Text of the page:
• ICLEI – Local Governments for Sustainability: an association of over 1,220 local government members who are committed to sustainable development, from 70 different countries. ICLEI is an international association of local governments as well as national and regional local government organizations who have made a commitment to sustainable development. ICLEI provides technical consulting, training, and information services to build capacity, share knowledge, and support local government in the implementation of sustainable development at the local level. Its basic premise is that locally designed initiatives can provide an effective and cost-efficient way to achieve local, national, and global sustainability objectives.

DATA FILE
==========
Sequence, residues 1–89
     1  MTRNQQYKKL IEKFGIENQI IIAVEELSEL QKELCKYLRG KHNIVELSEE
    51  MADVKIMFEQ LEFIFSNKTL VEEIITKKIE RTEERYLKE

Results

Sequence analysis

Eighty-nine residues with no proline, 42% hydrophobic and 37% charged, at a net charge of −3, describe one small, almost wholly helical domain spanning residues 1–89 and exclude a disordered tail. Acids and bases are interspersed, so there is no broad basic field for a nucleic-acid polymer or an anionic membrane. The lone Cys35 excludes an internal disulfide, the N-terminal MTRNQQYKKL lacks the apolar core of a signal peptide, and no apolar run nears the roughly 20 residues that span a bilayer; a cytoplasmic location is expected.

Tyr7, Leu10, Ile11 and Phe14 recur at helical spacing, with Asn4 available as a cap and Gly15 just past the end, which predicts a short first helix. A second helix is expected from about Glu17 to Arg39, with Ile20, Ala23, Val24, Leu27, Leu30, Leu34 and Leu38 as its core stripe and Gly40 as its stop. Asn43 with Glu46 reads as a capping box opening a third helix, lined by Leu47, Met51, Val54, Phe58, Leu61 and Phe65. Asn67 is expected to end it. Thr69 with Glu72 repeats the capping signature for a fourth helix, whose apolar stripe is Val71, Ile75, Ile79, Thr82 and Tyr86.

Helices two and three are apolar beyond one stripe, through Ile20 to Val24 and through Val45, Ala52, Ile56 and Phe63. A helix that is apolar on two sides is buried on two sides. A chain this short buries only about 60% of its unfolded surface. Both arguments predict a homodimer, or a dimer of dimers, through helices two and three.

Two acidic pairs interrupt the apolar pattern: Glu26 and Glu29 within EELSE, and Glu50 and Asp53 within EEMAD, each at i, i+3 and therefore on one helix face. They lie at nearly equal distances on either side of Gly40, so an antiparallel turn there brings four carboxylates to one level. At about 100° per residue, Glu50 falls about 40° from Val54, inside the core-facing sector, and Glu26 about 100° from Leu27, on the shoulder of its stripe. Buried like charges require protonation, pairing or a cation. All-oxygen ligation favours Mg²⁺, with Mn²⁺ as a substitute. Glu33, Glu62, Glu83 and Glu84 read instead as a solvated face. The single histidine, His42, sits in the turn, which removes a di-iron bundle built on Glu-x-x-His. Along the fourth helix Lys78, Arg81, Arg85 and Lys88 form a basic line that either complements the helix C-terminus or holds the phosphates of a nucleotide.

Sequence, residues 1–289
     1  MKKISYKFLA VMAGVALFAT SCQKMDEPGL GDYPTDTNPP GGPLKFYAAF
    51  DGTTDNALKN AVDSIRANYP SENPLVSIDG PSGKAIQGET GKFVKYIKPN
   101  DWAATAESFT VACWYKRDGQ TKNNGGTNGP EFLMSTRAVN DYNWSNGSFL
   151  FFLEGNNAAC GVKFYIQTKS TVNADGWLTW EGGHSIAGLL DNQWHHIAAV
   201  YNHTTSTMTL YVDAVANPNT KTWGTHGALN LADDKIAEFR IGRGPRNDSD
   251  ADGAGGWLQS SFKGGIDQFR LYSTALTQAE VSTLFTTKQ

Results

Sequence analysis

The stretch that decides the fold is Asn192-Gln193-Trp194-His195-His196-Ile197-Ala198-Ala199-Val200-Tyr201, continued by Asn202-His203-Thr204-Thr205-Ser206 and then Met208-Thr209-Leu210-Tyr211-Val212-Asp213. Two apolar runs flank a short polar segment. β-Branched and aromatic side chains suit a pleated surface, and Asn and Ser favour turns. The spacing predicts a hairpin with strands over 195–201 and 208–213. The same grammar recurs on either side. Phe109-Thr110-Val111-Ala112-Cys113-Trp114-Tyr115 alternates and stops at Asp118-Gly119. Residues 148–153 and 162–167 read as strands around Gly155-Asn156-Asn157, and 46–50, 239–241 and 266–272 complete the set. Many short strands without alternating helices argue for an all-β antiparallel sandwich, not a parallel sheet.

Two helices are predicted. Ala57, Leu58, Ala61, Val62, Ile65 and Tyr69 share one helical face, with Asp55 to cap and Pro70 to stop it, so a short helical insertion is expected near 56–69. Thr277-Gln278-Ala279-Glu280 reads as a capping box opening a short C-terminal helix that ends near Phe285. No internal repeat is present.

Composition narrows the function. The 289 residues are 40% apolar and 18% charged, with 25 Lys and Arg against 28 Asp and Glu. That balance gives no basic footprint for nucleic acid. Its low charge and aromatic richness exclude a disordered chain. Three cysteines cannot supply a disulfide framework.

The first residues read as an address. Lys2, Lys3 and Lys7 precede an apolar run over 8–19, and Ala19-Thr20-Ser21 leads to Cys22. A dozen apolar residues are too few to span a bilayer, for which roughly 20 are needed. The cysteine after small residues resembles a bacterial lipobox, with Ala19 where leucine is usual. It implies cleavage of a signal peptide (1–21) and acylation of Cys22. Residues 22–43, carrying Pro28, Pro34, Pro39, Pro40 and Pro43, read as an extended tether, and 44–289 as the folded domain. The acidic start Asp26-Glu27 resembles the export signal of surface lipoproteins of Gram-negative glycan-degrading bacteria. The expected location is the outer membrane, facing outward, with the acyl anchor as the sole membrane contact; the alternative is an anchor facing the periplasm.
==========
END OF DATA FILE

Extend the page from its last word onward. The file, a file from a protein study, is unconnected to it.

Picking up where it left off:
• Intergovernmental Panel on Climate Change: The IPCC is the leading international body dealing with the assessment and reporting on climate change. It was established by the United Nations Environment Programme to provide the world with a clear scientific view on the current state of knowledge on this issue and its potential environmental and socio-economic impacts. The IPCC is a scientific body. Its members review and assesses the most recent scientific, technical and socio-economic information produced worldwide relevant to scientifically diverse perceptions of the issue of climate change. The IPCC serves as the “gathering place” for this information, and a direct connection to the work of the United Nations.